Taking into account three months or more on production, the wells are even more impressive—“the biggest wells I’ve been involved with in my 35-year career”—Stark said. The Ludwig has more than 300 days on production and has turned in cumulative production of 279 Mboe, 74% oil, and is still producing 767 boe/d, with a flowing pressure of 1,275 psi.

Continental has reduced drilling times by 40% and drilling costs by 20%, and now is focused on density pilots supported by the first microseismic project in the play. It has more than 1,200 potential net Meramac and Woodford drilling locations.

The economics in the overpressured oil window are stout: 100% ROR at $50/bbl, and 70% ROR at $40/bbl WTI with a drilling cost shaved to $9 million in 2016. The target EUR is 1.7 MMboe with an average lateral length of 9,800 ft.

Stark said the Stack Meramec is quickly expanding through step-outs and density testing. Continental has 18 wells waiting on completions. There are nine “true” industry density tests underway/producing, he said. They are testing up to seven wells per zone. Continental has three density tests at work testing four to five wells per zone (Meramec and Woodford).

In the Scoop, Continental now holds 384,000 net acres in the Woodford and 191,000 in the Springer, with four rigs at work. The company had the luxury of being patient while others pioneered the play on the east side and moved it west to the more overpressured window. Today, Continental is pioneering the play further west.

The costs are higher on the western side, to the tune of an additional $1 million per well, but “the results justify the investment. You get three times more production on the west side in the first 100 days compared with the east side,” he said. “We see higher pressure and improved quality of reservoir when moving to the west. We’re very fortunate to have our position there.”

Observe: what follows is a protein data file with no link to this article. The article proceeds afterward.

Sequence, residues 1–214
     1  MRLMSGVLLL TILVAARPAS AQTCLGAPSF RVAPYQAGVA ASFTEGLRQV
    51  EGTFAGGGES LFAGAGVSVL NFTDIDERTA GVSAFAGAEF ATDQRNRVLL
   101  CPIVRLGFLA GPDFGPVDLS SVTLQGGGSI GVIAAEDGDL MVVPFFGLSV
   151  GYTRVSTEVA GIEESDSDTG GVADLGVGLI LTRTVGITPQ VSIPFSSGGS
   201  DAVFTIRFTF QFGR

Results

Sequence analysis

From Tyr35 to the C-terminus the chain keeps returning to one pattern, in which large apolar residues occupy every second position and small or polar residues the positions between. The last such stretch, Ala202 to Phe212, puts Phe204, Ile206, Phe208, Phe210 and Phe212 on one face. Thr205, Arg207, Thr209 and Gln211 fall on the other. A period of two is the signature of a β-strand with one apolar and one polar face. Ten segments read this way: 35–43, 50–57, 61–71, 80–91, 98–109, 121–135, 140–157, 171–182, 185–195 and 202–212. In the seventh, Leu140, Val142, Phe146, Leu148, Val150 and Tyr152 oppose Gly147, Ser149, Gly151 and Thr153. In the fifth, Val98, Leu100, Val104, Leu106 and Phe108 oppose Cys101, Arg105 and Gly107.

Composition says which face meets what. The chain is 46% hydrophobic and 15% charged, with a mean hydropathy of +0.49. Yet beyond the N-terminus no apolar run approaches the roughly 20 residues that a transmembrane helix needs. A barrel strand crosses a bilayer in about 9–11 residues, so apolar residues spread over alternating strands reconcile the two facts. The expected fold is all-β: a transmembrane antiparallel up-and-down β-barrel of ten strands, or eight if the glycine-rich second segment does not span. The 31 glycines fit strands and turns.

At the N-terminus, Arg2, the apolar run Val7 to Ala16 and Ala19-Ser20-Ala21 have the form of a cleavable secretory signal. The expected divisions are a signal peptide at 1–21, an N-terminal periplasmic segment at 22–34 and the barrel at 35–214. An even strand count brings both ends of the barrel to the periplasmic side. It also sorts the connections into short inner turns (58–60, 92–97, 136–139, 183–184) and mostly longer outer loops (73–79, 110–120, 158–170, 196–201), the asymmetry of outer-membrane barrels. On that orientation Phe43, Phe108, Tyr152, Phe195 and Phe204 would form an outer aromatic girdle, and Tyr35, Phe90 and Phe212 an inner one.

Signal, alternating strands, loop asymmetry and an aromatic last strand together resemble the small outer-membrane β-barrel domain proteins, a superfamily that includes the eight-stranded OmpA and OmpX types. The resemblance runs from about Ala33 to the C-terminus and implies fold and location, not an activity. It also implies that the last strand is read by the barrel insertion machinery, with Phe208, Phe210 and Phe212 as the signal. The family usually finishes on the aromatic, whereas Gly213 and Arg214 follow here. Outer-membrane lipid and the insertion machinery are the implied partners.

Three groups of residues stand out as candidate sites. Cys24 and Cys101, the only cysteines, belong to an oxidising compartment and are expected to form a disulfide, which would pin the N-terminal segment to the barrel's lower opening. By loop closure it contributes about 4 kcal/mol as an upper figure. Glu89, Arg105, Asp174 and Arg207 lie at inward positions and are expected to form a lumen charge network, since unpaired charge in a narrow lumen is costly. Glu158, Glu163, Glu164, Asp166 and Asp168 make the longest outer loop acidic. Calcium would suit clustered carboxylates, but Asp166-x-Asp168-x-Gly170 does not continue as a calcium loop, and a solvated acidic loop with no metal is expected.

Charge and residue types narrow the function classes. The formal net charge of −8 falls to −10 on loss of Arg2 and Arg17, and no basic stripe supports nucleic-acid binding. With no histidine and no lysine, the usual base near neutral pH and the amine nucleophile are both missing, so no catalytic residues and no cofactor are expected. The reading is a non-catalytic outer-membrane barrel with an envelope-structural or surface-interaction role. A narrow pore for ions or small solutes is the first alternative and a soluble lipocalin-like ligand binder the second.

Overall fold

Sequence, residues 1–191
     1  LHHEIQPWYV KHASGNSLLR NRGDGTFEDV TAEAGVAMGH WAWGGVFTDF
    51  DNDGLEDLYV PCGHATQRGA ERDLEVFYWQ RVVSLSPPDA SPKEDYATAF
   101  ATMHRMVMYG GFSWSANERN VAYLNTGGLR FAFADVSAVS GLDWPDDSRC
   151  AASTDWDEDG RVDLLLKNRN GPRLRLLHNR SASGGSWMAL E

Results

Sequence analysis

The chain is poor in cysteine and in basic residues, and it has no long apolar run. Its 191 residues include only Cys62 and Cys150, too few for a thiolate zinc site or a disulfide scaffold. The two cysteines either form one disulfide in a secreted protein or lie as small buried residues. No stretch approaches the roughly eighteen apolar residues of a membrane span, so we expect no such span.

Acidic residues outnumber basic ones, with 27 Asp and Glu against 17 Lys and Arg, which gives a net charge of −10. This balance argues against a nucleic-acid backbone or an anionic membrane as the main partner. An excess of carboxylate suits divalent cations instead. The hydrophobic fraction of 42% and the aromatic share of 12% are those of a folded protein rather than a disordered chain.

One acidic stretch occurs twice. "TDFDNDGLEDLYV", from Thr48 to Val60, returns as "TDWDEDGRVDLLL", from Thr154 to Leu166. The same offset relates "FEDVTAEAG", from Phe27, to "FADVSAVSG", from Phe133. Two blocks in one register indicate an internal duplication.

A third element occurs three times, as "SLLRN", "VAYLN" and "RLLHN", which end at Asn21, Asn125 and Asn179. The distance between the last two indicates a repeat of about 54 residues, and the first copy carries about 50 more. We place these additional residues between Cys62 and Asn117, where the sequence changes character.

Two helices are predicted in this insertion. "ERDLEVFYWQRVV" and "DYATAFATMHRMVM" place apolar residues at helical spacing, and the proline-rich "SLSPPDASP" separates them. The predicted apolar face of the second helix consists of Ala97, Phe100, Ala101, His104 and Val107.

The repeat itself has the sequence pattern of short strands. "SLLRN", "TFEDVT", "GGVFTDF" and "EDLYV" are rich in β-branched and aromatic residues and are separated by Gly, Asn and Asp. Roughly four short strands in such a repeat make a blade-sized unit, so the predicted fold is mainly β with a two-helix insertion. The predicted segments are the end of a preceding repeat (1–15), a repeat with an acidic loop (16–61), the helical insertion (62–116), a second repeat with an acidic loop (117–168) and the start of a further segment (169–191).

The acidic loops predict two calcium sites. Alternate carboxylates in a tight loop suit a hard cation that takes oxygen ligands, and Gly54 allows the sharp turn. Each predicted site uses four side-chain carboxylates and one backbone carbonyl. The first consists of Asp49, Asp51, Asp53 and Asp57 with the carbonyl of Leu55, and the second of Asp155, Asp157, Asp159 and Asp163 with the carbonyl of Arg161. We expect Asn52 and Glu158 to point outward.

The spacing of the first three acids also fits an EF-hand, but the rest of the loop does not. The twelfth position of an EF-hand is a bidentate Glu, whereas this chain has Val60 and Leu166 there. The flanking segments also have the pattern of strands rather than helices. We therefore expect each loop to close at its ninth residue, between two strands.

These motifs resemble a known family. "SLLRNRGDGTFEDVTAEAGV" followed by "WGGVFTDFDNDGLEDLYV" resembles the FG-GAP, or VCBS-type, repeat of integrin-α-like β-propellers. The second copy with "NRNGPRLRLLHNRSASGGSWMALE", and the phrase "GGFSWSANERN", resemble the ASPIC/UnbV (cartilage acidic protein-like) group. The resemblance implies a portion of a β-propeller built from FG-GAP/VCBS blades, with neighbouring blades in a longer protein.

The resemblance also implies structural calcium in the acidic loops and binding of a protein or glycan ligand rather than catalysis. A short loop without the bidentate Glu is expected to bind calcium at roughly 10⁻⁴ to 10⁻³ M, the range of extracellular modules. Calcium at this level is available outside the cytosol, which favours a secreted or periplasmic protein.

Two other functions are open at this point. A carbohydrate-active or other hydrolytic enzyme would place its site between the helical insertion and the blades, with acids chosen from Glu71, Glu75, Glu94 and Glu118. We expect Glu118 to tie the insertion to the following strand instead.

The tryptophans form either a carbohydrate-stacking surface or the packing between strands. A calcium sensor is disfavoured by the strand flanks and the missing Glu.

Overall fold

Continental is focused on enhanced completions, which have lifted production by 40% in the Woodford condensate wells. A 100% ROR for incremental capital spend of $400,000 is the result, based on up to 100% more proppant per foot and 50% more fluid.

To help define what full field development might look like in the Scoop/Woodford condensate play  in Stephens County, Okla., Continental conducted a density pilot where 10 wells yielded 166 MMcfe/d on IP test, 7% oil. “It’s amazing,” Stark said. “That about would fill a pipeline just on its own.”

The Scoop/Springer is an oil asset that will wait for higher commodity prices and additional work on enhanced completions and lateral length to be developed further, Stark said. “It’s a play in our back pocket, and we hold close to 200,000 acres,” he said. “Further, our 50% ROR at $50 for the play is based on old technology.”

In closing, Stark pointed out an important benefit to the Stack and Scoop that isn't fully appreciated. “They are very dry reservoirs, without a lot of associated water production,” he said. This gives them a lower lease operating expense, particularly relative to pure Permian players. “The quality of rock and saturation does translate to the bottom line.”

Susan Klann can be reached at sklann@hartenergy.com.